Democratic Primary Shocker: Yang and Bloomberg beat Buttigieg

The presidential debates are dead. Two candidates who missed in the last debate are fourth and fifth and in a major poll of likely Democratic presidential primary voters.

In detail, the 21 to 23 January Emerson Poll estimates 8% of Democrats support Andrew Yang (D-New York). Likewise, Emerson estimates 7% of Democrats support former New York Mayor Michael Bloomberg (?-New York).

Moreover, Emerson estimates one candidate in the 14 January Democratic debate; billionaire Tom Steyer (D-California), received just 1% of popular support. Consequently, I think Emerson’s data shows the debates are meaningless. I think this validates Bloomberg’s decision to ignore the debate.

The Data Proves the Debates are Meaningless

Notably, Emerson’s data shows two candidates who participated in the last debate lost support between December 2019 and January 2020. However, two candidates not at the debate saw their poll numbers improve.

To clarify, former Vice President Joe Biden (D-Delaware) saw his support drop from 32% in December to 30% in January. Plus, Pete Buttigieg (D-Indiana) saw his support fall from 8% in December to 7% in January.

Conversely, Yang’s support rose from 6% in December to 8% in January. Meanwhile, Bloomberg’s support more than doubled. Emerson had Bloomberg at 3% in December and 7% in January.

Is it a New Campaign for a New Century?

Hence, the candidates not at the debate are attracting more support. In fact, I think Bloomberg’s strategy of heavy TV advertising buys and lots of appearances in Super Tuesday states is paying off.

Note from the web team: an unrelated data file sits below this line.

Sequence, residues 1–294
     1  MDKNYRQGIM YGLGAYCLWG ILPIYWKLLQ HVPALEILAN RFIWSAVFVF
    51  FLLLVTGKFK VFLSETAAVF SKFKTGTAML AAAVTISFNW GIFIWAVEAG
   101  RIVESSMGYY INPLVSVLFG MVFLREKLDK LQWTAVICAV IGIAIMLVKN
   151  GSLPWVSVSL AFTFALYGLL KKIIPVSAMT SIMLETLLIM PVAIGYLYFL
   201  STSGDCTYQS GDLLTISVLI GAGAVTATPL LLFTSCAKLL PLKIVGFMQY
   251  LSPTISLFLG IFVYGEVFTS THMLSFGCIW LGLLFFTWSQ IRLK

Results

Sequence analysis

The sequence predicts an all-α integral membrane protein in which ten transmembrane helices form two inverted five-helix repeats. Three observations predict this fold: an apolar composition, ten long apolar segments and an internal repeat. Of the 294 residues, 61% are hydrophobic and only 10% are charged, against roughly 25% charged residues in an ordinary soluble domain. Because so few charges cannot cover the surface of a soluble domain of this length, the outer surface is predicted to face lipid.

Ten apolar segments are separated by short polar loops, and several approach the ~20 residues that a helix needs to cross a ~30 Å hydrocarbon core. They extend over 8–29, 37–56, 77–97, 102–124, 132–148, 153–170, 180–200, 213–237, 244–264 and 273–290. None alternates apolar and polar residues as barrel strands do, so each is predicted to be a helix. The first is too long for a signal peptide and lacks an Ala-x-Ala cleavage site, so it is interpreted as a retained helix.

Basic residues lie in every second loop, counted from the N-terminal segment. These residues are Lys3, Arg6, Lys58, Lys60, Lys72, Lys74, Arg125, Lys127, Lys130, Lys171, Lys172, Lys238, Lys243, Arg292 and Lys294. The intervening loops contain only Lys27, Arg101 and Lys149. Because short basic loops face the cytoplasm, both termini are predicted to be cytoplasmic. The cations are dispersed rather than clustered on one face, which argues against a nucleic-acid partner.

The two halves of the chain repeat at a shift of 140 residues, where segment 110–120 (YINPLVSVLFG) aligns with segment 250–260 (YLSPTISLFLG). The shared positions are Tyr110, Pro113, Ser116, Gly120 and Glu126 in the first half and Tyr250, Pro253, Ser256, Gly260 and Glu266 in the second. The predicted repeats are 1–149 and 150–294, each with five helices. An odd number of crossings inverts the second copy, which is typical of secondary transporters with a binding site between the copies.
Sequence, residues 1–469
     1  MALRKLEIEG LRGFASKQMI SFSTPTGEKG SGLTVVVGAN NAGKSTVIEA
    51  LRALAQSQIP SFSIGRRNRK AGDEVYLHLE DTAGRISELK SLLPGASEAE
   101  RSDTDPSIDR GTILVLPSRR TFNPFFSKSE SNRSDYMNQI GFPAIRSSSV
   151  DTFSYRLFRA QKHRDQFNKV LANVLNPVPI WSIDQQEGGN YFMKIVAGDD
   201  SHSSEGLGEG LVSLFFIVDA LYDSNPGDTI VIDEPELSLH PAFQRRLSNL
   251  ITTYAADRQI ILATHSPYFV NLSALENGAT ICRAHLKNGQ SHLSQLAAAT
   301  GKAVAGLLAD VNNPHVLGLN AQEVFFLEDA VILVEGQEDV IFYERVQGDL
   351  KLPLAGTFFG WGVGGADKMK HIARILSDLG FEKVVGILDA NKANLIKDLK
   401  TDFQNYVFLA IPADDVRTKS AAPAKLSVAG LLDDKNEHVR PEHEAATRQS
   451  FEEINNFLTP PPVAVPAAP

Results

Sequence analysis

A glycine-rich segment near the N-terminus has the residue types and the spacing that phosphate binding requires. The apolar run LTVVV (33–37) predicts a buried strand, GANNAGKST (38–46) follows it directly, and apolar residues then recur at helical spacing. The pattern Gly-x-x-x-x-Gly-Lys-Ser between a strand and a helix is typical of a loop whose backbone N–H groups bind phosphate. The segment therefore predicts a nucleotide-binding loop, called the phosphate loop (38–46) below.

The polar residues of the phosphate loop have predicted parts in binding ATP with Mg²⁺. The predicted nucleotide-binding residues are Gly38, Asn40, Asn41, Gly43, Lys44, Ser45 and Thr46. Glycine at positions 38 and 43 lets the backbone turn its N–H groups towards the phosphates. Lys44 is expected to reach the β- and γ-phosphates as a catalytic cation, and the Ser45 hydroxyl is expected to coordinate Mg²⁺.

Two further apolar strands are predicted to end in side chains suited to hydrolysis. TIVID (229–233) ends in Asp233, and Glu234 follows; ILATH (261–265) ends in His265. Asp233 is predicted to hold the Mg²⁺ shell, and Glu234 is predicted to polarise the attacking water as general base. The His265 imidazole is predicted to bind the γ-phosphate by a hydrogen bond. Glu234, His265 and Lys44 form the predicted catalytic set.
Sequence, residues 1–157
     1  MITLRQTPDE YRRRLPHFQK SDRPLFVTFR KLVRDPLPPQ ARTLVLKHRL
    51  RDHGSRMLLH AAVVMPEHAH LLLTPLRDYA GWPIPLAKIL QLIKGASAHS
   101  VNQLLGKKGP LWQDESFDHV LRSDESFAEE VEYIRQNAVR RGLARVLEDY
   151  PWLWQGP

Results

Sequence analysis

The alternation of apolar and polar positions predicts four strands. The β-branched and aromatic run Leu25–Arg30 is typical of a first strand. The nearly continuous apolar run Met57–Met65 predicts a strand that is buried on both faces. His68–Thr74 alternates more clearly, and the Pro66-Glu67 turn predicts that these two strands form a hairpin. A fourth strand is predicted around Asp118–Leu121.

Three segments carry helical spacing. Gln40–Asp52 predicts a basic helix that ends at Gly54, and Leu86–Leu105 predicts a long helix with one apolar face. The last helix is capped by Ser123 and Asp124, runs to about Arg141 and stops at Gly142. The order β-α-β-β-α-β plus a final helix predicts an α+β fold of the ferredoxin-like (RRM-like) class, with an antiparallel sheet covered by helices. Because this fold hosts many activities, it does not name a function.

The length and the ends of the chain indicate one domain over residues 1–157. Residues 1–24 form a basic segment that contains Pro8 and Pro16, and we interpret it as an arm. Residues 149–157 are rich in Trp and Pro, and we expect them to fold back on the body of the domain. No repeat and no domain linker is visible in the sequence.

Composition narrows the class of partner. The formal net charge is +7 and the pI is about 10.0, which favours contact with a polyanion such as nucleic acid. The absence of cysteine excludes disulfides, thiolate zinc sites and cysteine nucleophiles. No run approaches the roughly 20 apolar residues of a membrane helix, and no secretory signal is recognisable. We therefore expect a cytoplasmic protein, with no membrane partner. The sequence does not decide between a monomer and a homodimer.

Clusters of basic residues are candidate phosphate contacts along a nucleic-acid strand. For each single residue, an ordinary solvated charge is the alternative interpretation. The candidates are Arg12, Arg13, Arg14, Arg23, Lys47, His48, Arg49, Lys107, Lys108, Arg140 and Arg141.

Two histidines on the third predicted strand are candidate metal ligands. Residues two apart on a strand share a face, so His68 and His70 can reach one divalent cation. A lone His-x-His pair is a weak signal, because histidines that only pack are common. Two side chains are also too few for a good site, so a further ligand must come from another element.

Importantly, Yang’s internet and media strategy is working. Thus, the campaign could quickly turn into a four race between U.S. Senator Bernie Sanders (I-Vermont), Biden, Yang, and Bloomberg.

Therefore, we could see a presidential campaign in which debates; and early primary states, do not matter. Instead, I think media strategy, digital strategy, and Super Tuesday will shape the primary.

Therefore, the Democratic primary will resemble the Republican primary system. Remember President Donald J. Trump (R-Florida) lost the 2016 Iowa caucus and did poorly at the debates but won the primary. Thus, Bloomberg or Yang could lose badly in Iowa and New Hampshire but win the nomination.

A Few Takeaways from the Emerson Poll

A few more takeaways from Emerson’s January 2020 Democratic Primary/Caucus poll include:

  • There is no strong Democratic candidate. Only 30% of likely primary voters support the “front runner” Joe Biden.
  • Bernie Sanders is gaining some support but not enough to dominate. Sanders support rose from 25% in December to 27% in January so he is gaining on Biden.
  • The media’s claims about Liz Warren’s slide are exaggerated. Warren’s support rose slightly from 12% in December to 13% in January.
  • Pete Buttigieg is no longer a serious candidate. His support fell from 8% in December to 6% in January. I predict Buttigieg will drop out if does not do well in Iowa.
  • Bloomberg is the strongest of the lesser candidates his support more than doubled from 3% in December to 7% in January.
  • Yang is a strong contender his support rose from 6% in December to 8% in January. I think Yang is now within striking range of Warren.
  • There will be strong pressure on Warren to drop out and endorse Bernie or Biden.
  • U.S. Senator Amy Klobuchar (D-Minnesota) will drop out if she does not well in Iowa. Klobuchar’s support rose from 2% in December to 4% in January.
  • Moderate Democrats cannot win. If you add the three most prominent moderates; Biden, Buttigieg’s, and Klobuchar, numbers’ together you get 40%. Add Yang, Bernie, and Warren’s numbers and you get 48%.
  • Bloomberg could be the kingmaker. The only way moderates could win is to get Bloomberg’s 7%. However, adding Bloomberg, Buttigieg, and Klobuchar’s numbers, equals 47%.
  • Sanders or Biden could have to make a deal with Bloomberg to get the nomination. Therefore, Vice President Bloomberg is a strong possibility.

The Emerson Poll shows the old song lyrics are true: “the times they are a changing.” I think the 2020 Democratic Primary will not look like any primary in recent memory.